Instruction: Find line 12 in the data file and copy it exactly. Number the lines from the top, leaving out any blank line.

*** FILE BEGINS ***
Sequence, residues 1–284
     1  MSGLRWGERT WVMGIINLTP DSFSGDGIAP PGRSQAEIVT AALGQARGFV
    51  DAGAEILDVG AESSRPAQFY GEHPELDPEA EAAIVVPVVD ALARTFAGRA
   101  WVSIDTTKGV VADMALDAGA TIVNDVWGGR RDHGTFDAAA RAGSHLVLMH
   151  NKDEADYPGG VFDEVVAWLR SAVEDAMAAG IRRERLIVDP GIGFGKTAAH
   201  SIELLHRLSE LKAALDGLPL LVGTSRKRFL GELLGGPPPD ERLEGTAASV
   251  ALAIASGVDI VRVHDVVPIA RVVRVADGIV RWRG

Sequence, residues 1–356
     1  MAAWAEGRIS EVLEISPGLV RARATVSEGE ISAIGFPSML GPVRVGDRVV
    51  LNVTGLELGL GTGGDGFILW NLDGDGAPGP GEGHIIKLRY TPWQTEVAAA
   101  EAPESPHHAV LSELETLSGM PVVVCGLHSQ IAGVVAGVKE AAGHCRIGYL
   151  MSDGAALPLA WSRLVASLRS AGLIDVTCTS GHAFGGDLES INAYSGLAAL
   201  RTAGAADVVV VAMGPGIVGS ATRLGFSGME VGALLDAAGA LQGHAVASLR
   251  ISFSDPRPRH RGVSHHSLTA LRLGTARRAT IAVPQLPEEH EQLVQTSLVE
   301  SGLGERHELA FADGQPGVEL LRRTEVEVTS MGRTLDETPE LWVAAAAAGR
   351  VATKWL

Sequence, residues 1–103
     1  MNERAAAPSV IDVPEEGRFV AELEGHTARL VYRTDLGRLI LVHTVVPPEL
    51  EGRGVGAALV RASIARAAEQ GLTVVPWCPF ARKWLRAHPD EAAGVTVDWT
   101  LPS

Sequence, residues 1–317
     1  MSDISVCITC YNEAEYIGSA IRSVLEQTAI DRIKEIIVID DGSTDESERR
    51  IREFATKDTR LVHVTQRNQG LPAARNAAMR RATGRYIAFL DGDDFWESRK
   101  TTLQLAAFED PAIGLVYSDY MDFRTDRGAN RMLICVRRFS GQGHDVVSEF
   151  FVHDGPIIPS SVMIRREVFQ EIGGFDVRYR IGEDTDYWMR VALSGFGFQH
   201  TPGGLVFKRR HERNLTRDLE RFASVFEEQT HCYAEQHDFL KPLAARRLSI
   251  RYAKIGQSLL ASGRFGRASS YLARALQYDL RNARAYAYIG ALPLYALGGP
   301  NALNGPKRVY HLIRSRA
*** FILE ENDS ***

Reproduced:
   151  MSDGAALPLA WSRLVASLRS AGLIDVTCTS GHAFGGDLES INAYSGLAAL